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Abbott Diagnostics

Microbiological Features of Chronic Rhinosinusitis Compared

By Labmedica International staff writers
Posted on 12 May 2018
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Image: The habitat and morphology of Staphylococcus aureus (Photo courtesy of Sagar Aryal).
Image: The habitat and morphology of Staphylococcus aureus (Photo courtesy of Sagar Aryal).
Different phenotypes of rhinitis and chronic rhinosinusitis (CRS) have been described based on symptom severity and duration, atopy status, level of control, comorbidities, and presence or absence of nasal polyps in CRS.

Scientists have compared the microbiological features in middle meatus samples from chronic rhinosinusitis (CRS) patients with nasal polyps (CRSwNP) and those without nasal polyps (CRSsNP), and control subjects.

Otolaryngology specialists at Beijing Tongren Hospital (Beijing, China) enrolled a total of 136 CRSwNP patients, 66 CRSsNP patients, and 49 control subjects who underwent endoscopic surgery between January 2014 and January 2016. Swab samples were obtained from the middle meatus during surgery and processed for the presence of aerobic and non-aerobic bacteria and fungi. Information on the allergic rhinitis, asthma, the percentage of eosinophils in peripheral blood, and the history of smoking and surgery was collected.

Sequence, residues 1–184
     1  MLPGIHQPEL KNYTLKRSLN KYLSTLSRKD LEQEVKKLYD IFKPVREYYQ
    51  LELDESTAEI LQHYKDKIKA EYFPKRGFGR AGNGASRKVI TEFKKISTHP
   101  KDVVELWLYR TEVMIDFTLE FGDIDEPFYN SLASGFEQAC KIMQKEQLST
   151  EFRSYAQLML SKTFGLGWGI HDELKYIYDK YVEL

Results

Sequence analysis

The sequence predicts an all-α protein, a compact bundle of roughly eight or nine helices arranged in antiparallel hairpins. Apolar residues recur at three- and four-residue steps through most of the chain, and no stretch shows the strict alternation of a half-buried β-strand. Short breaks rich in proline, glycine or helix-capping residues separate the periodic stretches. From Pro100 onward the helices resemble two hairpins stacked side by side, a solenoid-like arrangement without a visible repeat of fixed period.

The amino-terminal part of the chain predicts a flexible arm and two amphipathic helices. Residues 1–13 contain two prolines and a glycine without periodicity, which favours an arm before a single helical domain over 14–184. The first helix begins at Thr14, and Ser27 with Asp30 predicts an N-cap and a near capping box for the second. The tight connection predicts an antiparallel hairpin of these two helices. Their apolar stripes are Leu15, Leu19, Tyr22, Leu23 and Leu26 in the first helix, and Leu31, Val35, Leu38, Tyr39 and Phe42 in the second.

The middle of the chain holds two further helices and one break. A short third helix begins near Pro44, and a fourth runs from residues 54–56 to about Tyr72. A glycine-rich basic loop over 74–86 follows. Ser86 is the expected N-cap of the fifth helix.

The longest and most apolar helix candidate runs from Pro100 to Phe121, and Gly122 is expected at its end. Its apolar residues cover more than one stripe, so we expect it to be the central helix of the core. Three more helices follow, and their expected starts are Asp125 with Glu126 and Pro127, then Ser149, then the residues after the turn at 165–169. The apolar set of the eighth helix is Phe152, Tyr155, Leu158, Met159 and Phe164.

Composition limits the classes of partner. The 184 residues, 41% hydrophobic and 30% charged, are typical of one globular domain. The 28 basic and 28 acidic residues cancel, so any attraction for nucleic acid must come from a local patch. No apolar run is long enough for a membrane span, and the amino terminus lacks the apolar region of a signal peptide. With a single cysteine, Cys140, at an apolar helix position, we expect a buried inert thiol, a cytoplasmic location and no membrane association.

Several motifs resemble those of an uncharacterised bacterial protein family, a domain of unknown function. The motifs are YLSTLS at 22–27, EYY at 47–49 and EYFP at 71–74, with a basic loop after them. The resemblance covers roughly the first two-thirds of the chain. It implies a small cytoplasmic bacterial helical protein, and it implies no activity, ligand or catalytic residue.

The scientists reported that the overall isolation rate for bacteria was 81.3% for the three groups, with the lowest in the CRSsNP group (77.3%) and the highest in the CRSwNP group (88.4%). The three most common bacterial species were: Coagulase-negative Staphylococcus (24.3%), Corynebacterium (19.9%), and Staphylococcus epidermidis (19.1%) in the CRSwNP group; S. epidermidis (21.2%), Corynebacterium (21.2%), Coagulase-negative staphylococcus (18.2%), and Staphylococcus aureus (13.6%) in the CRSsNP group; S. epidermidis (30.6%), Coagulase-negative Staphylococcus (28.6%), and S. aureus (14.3%) in the control group. For the bacterial species with high isolation rates, no significant difference in the microbial cultures was observed among the three groups; while in the CRSwNP group, a relatively high proportion of Citrobacter (5.9%, a bacterium with low isolation rate) was observed compared with the CRSsNP and control groups, which were negative.

The authors concluded that there were no significant differences in the microbiological features (except Citrobacter) in middle meatus samples from CRSwNP patients, CRSsNP patients, and control subjects. S. aureus may promote eosinophilic inflammatory response, while S. epidermidis may promote non-eosinophilic inflammatory response. The study was published on March 22, 2018, in the journal European Archives of Oto-Rhino-Laryngology.

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